7 Twinkling of Stars (stellar scintillation) When star light travels through the atmosphere light gets slightly refracted (changes direction) as it go from one air layer to another of different densities.. When there is turbulence in the atmosphere refraction is not uniform or steady, changes from moment to moment, changing the direction of light slightly all the time. Stars are so far away that, their angular diameters are extremely small, typically 1/100 th of an arc second or less. So even a tiny change in the direction is noticeable, and the result is twinkling of stars. When a star is low in the sky since light has to travel a longer distance through the atmosphere we see more twinkling. Planets have larger angular diameters, few to tens of arc seconds. So a very small changes of direction is not so notable, so they twinkle less. Moon is so big in the sky we do not see the Moon twinkling. This is one way to distinguish a planet from a star (sometimes!) Twinkling is not good for astronomy, for astronomical observations, a steady atmosphere with good seeing is needed.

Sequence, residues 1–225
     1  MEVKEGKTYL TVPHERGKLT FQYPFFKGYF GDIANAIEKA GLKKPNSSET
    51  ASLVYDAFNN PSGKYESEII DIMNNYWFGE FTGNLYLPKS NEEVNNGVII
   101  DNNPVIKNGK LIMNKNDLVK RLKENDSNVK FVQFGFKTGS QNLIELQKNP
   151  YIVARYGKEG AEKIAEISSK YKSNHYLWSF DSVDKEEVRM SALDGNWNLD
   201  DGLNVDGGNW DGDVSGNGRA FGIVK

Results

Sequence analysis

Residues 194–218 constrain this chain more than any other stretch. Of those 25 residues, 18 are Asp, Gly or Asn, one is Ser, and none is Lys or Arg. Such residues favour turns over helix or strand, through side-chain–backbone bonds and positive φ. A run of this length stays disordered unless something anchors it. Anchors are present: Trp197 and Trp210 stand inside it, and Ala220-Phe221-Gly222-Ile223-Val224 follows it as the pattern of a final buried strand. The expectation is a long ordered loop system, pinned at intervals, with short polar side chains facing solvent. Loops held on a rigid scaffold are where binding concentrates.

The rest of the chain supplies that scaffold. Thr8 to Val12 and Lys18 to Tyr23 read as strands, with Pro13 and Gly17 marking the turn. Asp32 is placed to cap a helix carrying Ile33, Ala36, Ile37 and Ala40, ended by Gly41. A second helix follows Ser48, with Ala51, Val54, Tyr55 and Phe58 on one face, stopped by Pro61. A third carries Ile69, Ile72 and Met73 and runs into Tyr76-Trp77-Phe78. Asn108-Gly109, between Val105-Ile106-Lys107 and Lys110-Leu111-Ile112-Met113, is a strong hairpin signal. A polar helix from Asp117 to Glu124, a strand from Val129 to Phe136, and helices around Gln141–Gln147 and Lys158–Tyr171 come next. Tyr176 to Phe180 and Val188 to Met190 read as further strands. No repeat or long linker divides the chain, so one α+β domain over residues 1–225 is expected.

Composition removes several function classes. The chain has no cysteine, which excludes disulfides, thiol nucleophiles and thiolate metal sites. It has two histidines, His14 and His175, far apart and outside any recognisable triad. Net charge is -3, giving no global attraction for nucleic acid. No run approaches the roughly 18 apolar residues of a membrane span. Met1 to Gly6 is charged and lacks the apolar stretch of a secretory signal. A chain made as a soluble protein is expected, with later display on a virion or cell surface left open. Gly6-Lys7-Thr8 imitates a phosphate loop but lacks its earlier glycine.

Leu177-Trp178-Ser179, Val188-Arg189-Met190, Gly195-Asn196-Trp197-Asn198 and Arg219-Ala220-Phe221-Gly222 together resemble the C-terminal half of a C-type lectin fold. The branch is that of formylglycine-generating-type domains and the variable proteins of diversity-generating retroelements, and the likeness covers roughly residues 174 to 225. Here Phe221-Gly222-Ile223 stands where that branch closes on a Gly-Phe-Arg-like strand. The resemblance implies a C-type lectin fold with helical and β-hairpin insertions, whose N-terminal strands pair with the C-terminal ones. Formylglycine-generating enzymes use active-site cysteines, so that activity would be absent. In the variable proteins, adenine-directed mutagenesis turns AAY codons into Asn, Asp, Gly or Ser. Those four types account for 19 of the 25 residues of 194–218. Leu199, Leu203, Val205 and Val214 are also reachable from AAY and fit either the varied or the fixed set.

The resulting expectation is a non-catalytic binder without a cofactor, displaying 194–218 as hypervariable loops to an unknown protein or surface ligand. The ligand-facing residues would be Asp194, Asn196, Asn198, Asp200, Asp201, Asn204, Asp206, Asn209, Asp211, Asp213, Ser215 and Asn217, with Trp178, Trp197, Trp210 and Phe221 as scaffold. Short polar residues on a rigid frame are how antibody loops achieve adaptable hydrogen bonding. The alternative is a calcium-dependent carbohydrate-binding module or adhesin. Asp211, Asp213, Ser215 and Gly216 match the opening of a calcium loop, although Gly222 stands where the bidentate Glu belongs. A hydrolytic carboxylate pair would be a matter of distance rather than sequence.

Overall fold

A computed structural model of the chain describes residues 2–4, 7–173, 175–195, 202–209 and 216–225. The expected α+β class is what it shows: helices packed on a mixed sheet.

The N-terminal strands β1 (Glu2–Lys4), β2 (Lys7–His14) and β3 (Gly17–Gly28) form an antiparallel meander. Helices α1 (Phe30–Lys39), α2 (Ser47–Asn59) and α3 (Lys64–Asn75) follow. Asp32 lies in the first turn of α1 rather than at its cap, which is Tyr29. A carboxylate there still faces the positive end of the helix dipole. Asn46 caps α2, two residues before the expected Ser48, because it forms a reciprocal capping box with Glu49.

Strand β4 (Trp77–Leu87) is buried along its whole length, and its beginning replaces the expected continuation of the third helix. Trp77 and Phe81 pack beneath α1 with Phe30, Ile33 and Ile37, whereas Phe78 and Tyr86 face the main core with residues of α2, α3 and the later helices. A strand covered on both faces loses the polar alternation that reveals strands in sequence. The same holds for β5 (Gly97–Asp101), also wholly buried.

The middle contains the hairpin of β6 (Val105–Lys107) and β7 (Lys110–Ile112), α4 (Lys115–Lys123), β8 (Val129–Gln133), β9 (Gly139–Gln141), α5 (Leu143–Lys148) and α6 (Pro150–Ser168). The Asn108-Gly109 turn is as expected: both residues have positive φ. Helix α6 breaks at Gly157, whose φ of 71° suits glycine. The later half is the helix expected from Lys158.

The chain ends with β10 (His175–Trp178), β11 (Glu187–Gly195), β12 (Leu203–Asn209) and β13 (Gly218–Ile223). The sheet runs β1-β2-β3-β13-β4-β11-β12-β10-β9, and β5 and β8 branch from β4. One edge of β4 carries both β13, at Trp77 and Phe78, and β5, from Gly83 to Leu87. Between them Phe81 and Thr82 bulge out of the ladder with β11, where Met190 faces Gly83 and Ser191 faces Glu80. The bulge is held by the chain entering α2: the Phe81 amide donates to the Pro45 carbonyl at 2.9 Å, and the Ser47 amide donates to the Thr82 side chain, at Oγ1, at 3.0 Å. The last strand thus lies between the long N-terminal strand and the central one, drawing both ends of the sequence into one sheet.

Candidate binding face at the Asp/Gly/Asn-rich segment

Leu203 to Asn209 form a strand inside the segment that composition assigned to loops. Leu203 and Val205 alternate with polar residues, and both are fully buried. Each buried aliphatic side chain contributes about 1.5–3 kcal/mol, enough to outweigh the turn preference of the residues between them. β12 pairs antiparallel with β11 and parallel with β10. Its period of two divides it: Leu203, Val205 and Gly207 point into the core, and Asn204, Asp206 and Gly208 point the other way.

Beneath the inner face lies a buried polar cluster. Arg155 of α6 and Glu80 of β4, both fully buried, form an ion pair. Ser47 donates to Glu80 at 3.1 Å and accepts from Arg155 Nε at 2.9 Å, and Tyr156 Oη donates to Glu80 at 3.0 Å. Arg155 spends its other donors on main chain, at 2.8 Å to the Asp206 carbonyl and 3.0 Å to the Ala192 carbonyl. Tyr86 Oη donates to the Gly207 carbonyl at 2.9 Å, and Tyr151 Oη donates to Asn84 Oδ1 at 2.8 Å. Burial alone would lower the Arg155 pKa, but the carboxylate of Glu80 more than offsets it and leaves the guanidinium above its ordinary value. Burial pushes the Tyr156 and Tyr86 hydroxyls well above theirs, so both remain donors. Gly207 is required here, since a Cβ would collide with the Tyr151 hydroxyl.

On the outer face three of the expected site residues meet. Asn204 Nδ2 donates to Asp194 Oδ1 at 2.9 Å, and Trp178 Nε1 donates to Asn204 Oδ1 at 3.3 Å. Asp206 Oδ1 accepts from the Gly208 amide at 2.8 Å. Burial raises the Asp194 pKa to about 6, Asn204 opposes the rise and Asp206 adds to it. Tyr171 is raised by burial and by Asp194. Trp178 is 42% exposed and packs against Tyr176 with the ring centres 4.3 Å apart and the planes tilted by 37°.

8 Earth and Sky zenith E N S nadir W On a clear dark night one can see about 3000 stars We see only one half of the sky at a given time. What is above the horizon Zenith: the point directly overhead in the sky at a given time and location. Nadir: direction pointing directly below,

9 Celestial Sphere To a casual observer sky looks like a giant dome or a hollow sphere, surrounding the earth. All stars and other celestial objects (sun, moon, planets ) seemed to be located on this sphere, which rotates around earth. We know this is an illusion, (different celestial objects are at different distances from us, and it is the earth that rotates) But, to consider sky as a sphere centered at earth is a useful geometrical concept for observational purposes and to locate celestial objects and to follow their movements. To observe an object we should be able to tell its location the sky.

10 Celestial Sphere In this context we consider sky as a giant hollow sphere where all celestial objects are located, the Celestial Sphere

11 Celestial Sphere O s horizon N W Stars appear to move from East to West on circular path around the axis O Stars at the poles of the sphere do not move, they appear stationary. Consider what the observer O sees E S

12 N W O s horizon O S Consider what the observer O sees North pole of the celestial sphere at an altitude equal to the latitude of the observer O. Stars in the circle between horizon and the pole never sets, they circle around the pole. They are known as circumpolar stars